Quality at the top
- inspecting bottle closures safeguards the quality of a product
The quality of a product is used more and more as a sales argument. Bad quality can result in consumers boycotting a product. There have been clear signs in recent months that this is particularly true in the food processing industry. If a product acquires a bad name it is extremely difficult to rectify the situation even with valid arguments.
The consequences are reflected in the medium to long-term sales figures. In the beverage industry it is becoming increasingly difficult to keep track of the possibilities available to check the quality of a product according to latest technological developments. This is due to the large variety of bottled products and the wide choice in packaging. The product and especially its packaging are determining factors regarding the methods of inspection available. The following is an introduction to checking a bottle closure. A selection of possible inspection methods is discussed with regard to the most widely used types of closures: the obvious method of checking that the closure is correctly positioned and how to acquire additional information by analysing the physical parameters available in detail.
Glass bottles with crown corks
Crown corks are (still) the most widely used type of closure in Europe for brewery products. It is precisely in this area that the choice in quality control techniques is the greatest. We distinguish between an inspection immediately following the filling procedure and one after pasteurization.
Detection after the filler
Crown corks can be examined here both optically and acoustically. Ideally a check device should be installed at the outfeed of the filler so that the measuring results of the individual bottles can be allocated to the respective filler valves i.e. closer heads. This correlation provides important information about the operativeness of the filler/closer block and facilitates purposeful maintenance. Not only are faulty containers removed from the stream of production but the filling process can be optimised so that faulty containers are not produced in the first place.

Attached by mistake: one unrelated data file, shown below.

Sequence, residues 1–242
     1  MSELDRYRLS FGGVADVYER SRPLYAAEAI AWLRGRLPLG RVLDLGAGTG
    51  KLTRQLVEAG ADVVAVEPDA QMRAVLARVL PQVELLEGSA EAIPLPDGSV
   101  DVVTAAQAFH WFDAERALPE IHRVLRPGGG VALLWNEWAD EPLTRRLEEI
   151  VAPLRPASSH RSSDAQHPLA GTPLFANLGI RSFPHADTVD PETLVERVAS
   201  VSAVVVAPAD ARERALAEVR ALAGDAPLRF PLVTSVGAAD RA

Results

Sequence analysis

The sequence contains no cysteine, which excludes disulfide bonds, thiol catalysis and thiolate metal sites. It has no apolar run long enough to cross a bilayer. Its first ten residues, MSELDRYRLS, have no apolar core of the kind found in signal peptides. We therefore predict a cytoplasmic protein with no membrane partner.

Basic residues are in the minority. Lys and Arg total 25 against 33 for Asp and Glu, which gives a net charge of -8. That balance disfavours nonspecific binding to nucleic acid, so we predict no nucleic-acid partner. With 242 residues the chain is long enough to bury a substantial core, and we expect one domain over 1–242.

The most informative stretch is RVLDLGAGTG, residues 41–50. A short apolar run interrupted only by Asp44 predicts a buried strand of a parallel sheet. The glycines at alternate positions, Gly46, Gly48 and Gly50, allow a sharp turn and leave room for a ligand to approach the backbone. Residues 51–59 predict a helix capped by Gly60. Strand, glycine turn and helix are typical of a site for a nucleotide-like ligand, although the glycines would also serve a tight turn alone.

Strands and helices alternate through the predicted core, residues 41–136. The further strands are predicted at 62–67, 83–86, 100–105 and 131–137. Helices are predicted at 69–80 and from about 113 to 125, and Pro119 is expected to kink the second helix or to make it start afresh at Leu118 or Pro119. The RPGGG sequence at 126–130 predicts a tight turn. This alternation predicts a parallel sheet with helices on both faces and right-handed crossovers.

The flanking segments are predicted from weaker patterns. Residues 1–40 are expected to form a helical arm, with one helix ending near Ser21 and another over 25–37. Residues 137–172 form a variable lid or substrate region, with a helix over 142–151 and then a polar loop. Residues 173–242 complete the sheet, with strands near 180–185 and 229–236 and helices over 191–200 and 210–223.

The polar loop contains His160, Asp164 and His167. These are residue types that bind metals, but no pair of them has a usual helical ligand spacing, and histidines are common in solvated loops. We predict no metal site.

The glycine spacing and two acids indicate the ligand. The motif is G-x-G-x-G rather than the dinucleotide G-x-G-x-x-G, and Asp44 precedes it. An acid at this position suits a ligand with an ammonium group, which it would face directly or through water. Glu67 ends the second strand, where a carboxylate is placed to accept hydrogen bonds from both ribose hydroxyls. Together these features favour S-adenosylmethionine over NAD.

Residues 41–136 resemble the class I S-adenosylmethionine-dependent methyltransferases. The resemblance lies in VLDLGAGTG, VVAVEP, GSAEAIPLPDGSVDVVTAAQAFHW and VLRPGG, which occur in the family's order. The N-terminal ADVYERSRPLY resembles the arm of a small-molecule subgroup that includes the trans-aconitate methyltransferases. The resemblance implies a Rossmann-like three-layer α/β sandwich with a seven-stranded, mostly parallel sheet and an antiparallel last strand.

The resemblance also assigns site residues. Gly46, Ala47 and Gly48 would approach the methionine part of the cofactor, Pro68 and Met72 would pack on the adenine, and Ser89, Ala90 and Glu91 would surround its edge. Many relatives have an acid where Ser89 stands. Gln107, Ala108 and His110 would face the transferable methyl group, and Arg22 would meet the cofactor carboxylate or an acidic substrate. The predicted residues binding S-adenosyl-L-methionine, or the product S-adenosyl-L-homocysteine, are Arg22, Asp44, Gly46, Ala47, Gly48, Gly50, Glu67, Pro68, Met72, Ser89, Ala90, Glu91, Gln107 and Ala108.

The O2 residual air analysis evaluates the complex oscillation pattern of a crown cork by means of an acoustic check. In order to produce this signal the closure is stimulated by an electromagnetic pulse. This then oscillates in a characteristic superposition of proper frequencies similar to that of a drum. The following information can be produced by analysing this signal:
1. The presence of a closure - striking does not produce a signal i.e. the closure is missing.
2. The shape of a closure - if the signal is irregular i.e. not an real "taut drum", then the closure is deformed (so-called bullnose). Unfortunately the reverse is not necessarily true. In some cases the oscillation of an irregular closure can be very similar to that of a correct closure.
3. The tautness of a closure - statistical information is provided regarding the correct pressure applied by the individual closer heads. If a closer head shows a significant difference then the correct pressure is probably not being applied. This condition, which is usually only found a few hours later by carrying out a sampling test, can now be quickly corrected.
The following point is particularly important regarding the quality of beer and should therefore be discussed in more detail:
Oxygen content in the headspace